Trillium’s audit framework is used to evaluate an organization’s IT environment. It is a review of the people, process and technology that make up the environment.

The audit identifies risks and evaluates them against levels of acceptability from both a management and industry perspective.    It all starts with identifying the specific areas of interest to be reviewed.  Within the areas of interest, the high level processes that are performed are documented and then mapped to the systems/ infrastructure used to support them.  This will provide the organization with an understanding of potential places to focus additional controls to minimize risk.  It will also provide the organization with a list of some quick hit initiatives that may be undertaken in the short term to address existing risks or gaps. 

The Audit Framework consists of four major phases.  Here are some of activities for each phase:

Preliminary Review.  The initial phase of an audit consists of gathering the information required to plan for the audit.  It includes identifying an organizations strategy and the roles/responsibilities for controlling risks.  This phase also includes defining the scope of the audit and developing an inventory of the processes/ controls to be evaluated as part of the audit.

Plan for Audit.  The second phase of an audit includes determining what level of risk is acceptable.  It also includes determining which standards or criteria that the audited procedures are going to be evaluated against.  The objectives and framework for the audit are also confirmed with executives at this time in order to ensure that the most effective use of time for the personnel performing the audit.  It also includes documenting the audit process that will be performed.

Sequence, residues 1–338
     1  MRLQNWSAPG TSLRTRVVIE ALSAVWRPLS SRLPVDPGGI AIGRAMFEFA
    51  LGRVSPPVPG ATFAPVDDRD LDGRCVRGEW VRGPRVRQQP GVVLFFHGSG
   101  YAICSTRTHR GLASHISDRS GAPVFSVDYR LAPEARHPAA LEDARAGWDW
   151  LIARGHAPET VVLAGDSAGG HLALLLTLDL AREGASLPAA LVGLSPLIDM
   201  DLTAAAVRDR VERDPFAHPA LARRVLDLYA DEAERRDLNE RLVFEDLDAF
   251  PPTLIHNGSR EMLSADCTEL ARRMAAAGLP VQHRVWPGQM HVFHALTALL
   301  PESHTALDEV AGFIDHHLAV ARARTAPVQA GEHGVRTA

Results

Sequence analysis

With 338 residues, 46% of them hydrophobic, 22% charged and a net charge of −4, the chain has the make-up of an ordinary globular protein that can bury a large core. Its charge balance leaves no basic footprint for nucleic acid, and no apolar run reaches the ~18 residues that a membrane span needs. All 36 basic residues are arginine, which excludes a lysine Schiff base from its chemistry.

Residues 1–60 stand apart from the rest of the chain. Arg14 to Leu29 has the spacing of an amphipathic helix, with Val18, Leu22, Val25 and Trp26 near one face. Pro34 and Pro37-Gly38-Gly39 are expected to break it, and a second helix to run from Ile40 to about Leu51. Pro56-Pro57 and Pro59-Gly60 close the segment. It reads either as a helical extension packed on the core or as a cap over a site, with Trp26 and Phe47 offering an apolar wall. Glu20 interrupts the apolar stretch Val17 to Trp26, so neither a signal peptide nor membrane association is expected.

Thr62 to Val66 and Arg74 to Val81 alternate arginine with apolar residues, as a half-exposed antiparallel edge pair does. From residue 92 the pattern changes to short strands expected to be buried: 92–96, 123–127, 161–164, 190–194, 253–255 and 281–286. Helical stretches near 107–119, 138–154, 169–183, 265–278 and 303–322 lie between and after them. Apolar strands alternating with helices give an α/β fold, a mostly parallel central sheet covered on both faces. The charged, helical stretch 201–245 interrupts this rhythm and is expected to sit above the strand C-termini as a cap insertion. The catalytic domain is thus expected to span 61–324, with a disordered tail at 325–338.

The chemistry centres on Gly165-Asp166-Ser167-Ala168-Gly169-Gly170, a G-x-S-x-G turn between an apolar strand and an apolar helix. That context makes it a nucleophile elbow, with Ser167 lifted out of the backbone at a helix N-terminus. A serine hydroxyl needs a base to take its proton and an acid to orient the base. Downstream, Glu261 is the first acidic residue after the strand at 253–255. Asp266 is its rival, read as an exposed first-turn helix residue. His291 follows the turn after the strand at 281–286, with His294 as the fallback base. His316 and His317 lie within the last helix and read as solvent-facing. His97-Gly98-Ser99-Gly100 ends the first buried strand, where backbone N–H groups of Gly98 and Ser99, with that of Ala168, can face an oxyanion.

Conducting the Audit.  The third phase of an audit is to conduct the audit.   It includes evaluating an organization’s processes against different types of controls that include:

  • Organizational Controls – includes segregation of duties controls.
  • Data Center and Network Operations Controls – ensures the proper entry of data into an application system and proper oversight of error correction.
  • Hardware & Software Acquisition and Maintenance Controls – includes controls to compare data for accuracy when it is input twice by two separate components.
  • Access Security Controls – ensures the physical protection of computer equipment, software, and data, and is concerned with the loss of assets and information through theft or unauthorized use.
  • Application System Acquisition, Development, and Maintenance Controls – ensures the reliability of information processing.
  • Managerial controls- To ensure that there is no unauthorized access to IT assets.

The audit is performed by doing inquiries, observing, inspecting or monitoring systems to determine how the area is going to be evaluated and reported on.   The sampling method that was identified in the planning phase will be used to determine what portion of the environment will be evaluated as part of the audit.

Completing Audit.  An audit report is then created.  The report should state the scope, objectives, period of coverage, and the nature, timing, and extent of the audit work performed. The report should state the findings, conclusions, and recommendations and any reservations, qualifications or limitations of scope that IT auditor has with respect to the audit.  It should also include any quick hit recommendations that were identified through the audit process.

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